But two issues remain: 1. This is almost never what actually happens. 2. Even if it were, should it be what we expect?

On the first point, it’s important to discuss what typically occurs in the vast majority of classrooms. Students acknowledge their teachers’ greetings, enter the classroom, and begin socializing with friends. They may engage in a few expected behaviors, like having a seat or grabbing a textbook, but most sit or stand with their peers. They check their phones. They talk about the last class, or the football game, or the girl who said such and such about so and so. And in most classrooms, there’s a Do Now clearly posted on the board. And students don’t do it.

And teachers bellow from the hallway something like, “There’s a warm up on the board,” OR “Excuse me. Let’s get to work on the Do Now.”

Ok, I appreciate the effort at reminding students of your expectations, but think about what’s happening here.

Your first words to your students today are being shouted in their general direction. They are words of correction and discipline. As such, they do not set a tone of welcome or compassion. Rather, they create a combativeness right from the beginning. You’re asking students to do something that you can’t fully monitor, that they likely don’t really want to do, and that doesn’t take into account their social nature.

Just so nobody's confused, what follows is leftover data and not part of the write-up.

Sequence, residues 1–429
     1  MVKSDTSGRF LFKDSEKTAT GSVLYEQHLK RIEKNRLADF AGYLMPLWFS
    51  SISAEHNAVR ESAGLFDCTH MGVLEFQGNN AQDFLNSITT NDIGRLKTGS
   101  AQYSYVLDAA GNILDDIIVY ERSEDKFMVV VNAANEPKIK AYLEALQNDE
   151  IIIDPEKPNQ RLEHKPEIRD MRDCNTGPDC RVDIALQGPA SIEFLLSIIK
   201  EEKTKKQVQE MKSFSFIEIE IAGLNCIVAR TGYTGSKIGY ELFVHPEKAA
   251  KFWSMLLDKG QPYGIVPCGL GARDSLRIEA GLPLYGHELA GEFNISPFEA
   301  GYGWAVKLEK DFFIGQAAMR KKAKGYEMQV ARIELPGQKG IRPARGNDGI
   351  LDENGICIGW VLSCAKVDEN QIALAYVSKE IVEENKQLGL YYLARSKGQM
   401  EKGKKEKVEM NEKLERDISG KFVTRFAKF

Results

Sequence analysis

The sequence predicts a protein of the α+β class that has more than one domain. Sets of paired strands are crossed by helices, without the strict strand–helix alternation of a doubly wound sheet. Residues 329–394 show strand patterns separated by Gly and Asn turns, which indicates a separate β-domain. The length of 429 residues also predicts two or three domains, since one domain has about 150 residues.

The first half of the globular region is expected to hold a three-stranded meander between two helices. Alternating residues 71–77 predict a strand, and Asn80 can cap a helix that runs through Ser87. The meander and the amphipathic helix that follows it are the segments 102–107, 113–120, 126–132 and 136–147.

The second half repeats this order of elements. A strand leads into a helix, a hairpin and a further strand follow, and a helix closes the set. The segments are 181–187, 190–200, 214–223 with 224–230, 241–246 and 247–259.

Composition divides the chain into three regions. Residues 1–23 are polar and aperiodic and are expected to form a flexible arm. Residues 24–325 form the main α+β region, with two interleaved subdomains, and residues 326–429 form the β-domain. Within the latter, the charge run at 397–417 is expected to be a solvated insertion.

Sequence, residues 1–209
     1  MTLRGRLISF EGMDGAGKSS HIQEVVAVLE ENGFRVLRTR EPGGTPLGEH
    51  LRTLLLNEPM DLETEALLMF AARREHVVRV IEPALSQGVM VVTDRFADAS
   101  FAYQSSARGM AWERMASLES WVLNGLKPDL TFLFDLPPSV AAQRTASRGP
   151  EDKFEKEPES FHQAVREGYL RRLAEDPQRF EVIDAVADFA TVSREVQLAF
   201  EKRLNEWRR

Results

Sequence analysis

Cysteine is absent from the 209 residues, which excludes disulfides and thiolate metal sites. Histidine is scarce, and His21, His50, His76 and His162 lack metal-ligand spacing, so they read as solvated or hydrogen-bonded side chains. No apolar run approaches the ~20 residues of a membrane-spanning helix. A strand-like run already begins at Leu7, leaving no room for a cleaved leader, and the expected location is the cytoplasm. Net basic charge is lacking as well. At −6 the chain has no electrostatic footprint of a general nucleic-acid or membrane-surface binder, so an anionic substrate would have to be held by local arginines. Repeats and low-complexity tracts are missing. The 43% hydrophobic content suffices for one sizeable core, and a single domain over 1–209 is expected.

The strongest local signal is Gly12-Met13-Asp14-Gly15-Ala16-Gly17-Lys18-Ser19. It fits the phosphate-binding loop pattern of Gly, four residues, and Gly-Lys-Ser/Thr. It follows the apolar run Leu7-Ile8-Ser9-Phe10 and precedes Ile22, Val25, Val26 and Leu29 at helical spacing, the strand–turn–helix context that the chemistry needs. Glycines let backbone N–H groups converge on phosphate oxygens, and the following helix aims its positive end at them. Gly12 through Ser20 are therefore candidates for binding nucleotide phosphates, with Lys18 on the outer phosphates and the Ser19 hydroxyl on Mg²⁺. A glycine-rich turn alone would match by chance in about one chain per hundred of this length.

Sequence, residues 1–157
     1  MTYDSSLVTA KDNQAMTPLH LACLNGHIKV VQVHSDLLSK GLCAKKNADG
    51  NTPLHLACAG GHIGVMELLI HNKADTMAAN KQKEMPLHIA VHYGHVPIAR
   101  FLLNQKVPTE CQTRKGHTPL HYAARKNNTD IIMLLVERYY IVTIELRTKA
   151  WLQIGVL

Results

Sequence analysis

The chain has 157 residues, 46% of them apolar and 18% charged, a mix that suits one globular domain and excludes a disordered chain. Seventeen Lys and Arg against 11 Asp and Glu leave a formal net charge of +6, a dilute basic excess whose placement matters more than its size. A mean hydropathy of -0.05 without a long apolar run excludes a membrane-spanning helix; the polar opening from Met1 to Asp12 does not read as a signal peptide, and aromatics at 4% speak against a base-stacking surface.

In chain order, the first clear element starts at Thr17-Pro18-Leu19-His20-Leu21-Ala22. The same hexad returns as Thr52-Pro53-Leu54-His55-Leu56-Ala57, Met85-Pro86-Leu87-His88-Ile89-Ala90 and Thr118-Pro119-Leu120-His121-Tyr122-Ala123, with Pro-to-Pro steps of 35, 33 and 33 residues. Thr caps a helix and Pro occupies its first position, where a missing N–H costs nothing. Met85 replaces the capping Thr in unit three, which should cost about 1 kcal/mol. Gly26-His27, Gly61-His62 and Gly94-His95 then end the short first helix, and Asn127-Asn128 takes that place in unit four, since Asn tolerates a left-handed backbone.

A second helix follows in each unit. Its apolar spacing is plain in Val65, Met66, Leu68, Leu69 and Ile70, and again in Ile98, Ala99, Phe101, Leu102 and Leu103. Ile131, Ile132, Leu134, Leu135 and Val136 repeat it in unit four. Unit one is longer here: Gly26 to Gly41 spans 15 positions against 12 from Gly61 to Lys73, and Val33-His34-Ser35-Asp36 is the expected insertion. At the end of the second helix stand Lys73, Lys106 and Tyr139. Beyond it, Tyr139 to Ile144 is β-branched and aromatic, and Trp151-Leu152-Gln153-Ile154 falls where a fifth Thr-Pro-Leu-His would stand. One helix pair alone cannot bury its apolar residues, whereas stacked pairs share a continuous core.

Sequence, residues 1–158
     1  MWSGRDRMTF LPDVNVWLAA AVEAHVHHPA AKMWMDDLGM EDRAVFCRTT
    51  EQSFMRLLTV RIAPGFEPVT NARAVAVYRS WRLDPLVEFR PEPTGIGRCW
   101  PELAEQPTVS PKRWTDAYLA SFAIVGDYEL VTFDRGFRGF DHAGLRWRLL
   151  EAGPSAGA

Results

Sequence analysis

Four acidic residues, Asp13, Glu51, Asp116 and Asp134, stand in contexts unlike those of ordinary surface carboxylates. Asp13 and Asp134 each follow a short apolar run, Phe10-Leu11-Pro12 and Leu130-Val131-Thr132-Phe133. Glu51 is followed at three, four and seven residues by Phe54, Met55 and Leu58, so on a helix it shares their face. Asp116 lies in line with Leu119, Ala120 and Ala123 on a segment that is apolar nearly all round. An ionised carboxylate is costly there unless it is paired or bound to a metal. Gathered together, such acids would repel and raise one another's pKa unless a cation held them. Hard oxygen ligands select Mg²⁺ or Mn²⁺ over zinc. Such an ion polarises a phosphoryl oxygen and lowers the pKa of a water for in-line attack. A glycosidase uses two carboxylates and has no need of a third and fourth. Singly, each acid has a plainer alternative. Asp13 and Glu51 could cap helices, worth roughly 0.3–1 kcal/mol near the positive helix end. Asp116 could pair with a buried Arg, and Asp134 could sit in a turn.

If the first words my principal said to me every day were corrective in nature, how likely would I be to love coming to work?

Let’s talk about this other major reality: Class hasn’t started yet! Consider this from a student’s perspective.

I’m here early, and it’s like I’m in trouble. I have to get right to work. No time for talking or laughing or checking in with my friends. Meanwhile, the kids who are standing in the halls talking with their friends are going to rush in here right before the bell and still have the full amount of time to complete this. So why should I either 1. Arrive early or 2. Do this now?

This is a completely valid response, and it’s probably coming from some of your more agreeable students.

If the kids doing exactly what you want aren’t buying in to your routine, something has gotta give. The alternative? Classroom culture sabotage.

Can we also discuss the fact that very few adults would abide by our bell ringer/Do Now policy?

How many faculty meetings have you walked into and begun doing a warm up? Even though you arrived early? And even though the bosses are not there yet? And even though you haven’t had a chance to engage socially with another adult in several hours? Exactly. Probably none. And why not? Because this is not normal behavior. Right?